8 messages
21/06/2013 at 11:02

Hello there. I planted several strawberry seeds about 2 or 3 months back ('Sarian' F1 Hybrid). About half sprouted, and then about half of those have survived up to now. So I have 6 tiny, very delicate seedlings. The biggest one is probably about an inch high.

http://s4.gardenersworld.com/uploads/images/original/25923.jpg?width=441&height=350&mode=max

 

http://s4.gardenersworld.com/uploads/images/original/25924.jpg?width=658&height=350&mode=max

 

Am I right in thinking that they need to be at least a couple fo inches high before I can transplant them into their hanging baskets?

If so, how can I make sure that they live long enough to grow that big? They look so feable and delicate that I'm not sure they will survive that long! So, what's the best way to look after these tiny plants?

Thanks for your help.

21/06/2013 at 11:34

From here they look rather wet, don't drown them, they need to be faintly moist so that they will grow stronger roots.  These are unlikely to fruit this year, you may need to keep them comfortable over winter to grow on and plant in your baskets next year. They also need a great deal of light, and no wind - are they in a greenhouse?    Quite honesty with many plants like strawberries it is as good to let the experts grow them in heated greenhouses over winter and buy them in as plugs in spring - let them use thier heating etc., they are not expensive to buy.

Anyway, keep them inside, don't overplant them into a basket until they are really good sized plants, things don't like being overplanted into too big a space.  They are indeed far too tiny to brave the great big world yet!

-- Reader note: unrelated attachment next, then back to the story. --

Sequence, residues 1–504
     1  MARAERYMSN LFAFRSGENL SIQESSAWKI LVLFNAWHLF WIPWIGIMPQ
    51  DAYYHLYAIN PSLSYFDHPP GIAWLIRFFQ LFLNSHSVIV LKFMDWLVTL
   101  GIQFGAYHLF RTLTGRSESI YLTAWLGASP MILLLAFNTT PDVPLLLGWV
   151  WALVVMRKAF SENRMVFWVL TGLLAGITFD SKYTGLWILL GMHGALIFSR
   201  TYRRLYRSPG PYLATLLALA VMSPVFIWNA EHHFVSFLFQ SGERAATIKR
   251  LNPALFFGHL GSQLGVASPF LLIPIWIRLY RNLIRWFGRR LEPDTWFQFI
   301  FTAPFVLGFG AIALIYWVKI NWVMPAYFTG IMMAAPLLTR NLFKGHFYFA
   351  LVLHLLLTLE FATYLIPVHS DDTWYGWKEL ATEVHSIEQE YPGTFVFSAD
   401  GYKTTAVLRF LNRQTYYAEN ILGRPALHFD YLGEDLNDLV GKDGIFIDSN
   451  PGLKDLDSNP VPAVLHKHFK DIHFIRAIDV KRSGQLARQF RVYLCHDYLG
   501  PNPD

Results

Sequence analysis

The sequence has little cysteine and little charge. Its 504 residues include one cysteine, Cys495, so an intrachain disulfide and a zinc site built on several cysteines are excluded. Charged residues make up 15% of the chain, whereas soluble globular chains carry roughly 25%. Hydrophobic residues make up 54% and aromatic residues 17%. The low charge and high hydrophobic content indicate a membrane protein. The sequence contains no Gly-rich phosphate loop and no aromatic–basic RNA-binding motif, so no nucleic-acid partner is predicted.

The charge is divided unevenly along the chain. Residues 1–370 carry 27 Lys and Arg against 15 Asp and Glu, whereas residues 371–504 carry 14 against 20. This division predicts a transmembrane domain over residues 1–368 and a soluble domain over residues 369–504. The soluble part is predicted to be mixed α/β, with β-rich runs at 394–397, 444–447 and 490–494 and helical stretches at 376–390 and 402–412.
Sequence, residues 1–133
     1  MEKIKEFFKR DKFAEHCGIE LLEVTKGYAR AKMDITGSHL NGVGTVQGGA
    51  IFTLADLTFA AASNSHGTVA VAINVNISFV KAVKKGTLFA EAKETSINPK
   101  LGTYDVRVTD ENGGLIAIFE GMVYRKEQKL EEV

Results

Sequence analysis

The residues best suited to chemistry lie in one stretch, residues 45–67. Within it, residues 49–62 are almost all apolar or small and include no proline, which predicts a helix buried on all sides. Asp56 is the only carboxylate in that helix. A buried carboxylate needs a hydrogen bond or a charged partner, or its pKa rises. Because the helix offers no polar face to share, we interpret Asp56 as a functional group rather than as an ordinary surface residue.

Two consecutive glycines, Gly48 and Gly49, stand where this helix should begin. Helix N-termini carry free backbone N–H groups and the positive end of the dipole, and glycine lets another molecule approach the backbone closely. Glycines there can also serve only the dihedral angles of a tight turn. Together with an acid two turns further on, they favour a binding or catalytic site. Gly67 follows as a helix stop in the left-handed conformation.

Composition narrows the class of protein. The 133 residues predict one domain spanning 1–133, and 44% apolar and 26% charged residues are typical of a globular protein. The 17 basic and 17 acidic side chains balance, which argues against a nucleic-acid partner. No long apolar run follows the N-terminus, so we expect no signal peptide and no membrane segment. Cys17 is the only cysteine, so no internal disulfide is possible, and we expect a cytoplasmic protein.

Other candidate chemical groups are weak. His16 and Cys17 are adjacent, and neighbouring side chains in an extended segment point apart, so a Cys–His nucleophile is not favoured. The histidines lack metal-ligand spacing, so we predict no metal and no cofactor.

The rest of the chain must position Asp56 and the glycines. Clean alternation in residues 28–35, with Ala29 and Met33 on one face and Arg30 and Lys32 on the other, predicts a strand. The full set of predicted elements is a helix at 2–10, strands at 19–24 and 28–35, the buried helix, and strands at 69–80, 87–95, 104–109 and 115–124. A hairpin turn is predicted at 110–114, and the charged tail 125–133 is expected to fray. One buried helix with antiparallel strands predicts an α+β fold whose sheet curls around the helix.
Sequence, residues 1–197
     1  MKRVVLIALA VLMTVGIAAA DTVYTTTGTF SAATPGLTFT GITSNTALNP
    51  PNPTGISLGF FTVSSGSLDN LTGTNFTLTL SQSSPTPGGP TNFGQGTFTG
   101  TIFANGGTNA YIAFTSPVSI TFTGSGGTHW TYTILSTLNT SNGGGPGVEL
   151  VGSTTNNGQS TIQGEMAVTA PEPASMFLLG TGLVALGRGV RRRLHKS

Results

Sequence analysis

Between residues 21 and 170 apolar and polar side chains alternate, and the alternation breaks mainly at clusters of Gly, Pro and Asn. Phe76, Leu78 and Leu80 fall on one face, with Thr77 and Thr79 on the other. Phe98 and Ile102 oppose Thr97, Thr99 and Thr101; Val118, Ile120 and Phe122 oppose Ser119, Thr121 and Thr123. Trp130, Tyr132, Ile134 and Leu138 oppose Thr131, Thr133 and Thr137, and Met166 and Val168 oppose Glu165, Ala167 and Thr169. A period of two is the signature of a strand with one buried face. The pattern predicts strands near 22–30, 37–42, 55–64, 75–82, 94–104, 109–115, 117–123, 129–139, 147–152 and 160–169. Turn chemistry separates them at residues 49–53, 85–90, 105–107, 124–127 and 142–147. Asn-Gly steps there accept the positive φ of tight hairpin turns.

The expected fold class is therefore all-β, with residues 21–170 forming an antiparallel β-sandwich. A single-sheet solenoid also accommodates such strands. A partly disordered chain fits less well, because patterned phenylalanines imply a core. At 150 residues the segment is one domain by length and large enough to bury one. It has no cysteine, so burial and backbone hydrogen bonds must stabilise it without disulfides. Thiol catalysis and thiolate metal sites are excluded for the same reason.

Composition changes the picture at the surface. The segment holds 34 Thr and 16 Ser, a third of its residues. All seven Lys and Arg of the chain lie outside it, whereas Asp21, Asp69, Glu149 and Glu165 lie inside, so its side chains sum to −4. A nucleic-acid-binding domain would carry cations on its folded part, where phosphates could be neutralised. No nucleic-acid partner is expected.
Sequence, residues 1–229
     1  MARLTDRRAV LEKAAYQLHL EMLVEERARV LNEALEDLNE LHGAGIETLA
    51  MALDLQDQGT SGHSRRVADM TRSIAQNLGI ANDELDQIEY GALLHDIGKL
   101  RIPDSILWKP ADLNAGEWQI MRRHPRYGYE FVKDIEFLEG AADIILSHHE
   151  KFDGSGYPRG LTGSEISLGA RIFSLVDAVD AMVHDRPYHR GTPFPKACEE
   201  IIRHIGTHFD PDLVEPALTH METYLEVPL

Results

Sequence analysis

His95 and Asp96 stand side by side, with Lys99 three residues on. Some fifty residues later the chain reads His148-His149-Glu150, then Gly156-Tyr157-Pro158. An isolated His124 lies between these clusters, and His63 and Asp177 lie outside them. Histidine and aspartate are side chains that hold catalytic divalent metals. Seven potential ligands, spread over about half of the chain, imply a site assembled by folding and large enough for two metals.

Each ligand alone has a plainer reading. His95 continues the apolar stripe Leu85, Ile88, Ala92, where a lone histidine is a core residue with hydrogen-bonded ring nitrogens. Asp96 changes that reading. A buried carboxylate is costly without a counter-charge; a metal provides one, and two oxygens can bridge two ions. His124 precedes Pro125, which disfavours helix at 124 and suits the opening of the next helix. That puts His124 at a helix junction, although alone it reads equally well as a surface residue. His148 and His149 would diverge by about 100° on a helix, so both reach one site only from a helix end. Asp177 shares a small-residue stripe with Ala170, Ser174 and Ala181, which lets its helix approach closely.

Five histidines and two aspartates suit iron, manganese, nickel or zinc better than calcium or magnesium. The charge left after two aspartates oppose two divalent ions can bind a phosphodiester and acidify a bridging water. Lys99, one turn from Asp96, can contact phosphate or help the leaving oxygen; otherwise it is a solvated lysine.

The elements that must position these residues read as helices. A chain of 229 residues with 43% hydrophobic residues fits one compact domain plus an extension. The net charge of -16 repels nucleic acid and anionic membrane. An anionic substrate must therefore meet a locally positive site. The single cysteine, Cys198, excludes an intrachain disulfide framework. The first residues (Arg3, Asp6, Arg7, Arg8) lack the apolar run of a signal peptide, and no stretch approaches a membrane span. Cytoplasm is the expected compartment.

21/06/2013 at 15:10

Thanks for the reply, Bookertoo. Okay, so I'll keep them indoors for quite a while yet. (No, I don't have a greenhouse - they're living in my kitchen). Regarding your observation that they look quite wet, should I be waiting for the soil to dry out each time? And what's the best way to keep them "faintly moist"? Should I be misting them or something? Thanks again.

21/06/2013 at 15:52

Really that's a judgement - use the tip of your finger to see if they are moist - such tiny roots won't enjoy feeling water logged, they need air as well.  If they are in your kitchen, then ensure they are on the brightest windowsill - but watch out for scorching if we get any sun - I know, it sounds complicated but it isn't really, just needs thinking about when the weather changes as ours does so much.  Let the top of the compost become dry at least, then indeed spray rather than soak while they are babies.  Coddle them, like any other baby - human, animal or plant.  Thank you for putting the coin in to show their real size, that is thoughtful, as it is often hard to judge in a photograph.  Do you have anything like vermiculite or perlite?  The compost could be topped up with that, it will keep the stem of the plant dry, as damping off - rot of the tiny stem - can be a difficulty with little seedlings. 

21/06/2013 at 18:06

Yes, I've got some vermiculite, so I'll just sprinkle a small layer on top? By the way, you're absolutely right when you suggested that I should have bought strawberry plants, instead of growing from seed - but not that I've started I may as well see how far I can go with them!

21/06/2013 at 19:04

Of coure you should keep going with the babies, I was more thinking of the future - why work when someone else will huh?

Yes, just sprinkle a layer of vermiculite around the top, helps to keep the stem dry.

21/06/2013 at 20:25

Thanks for all your help!

21/06/2013 at 23:02

Yes, I've got some vermiculite, so I'll just sprinkle a small layer on top? By the way, you're absolutely right when you suggested that I should have bought strawberry plants, instead of growing from seed - but not that I've started I may as well see how far I can go with them!

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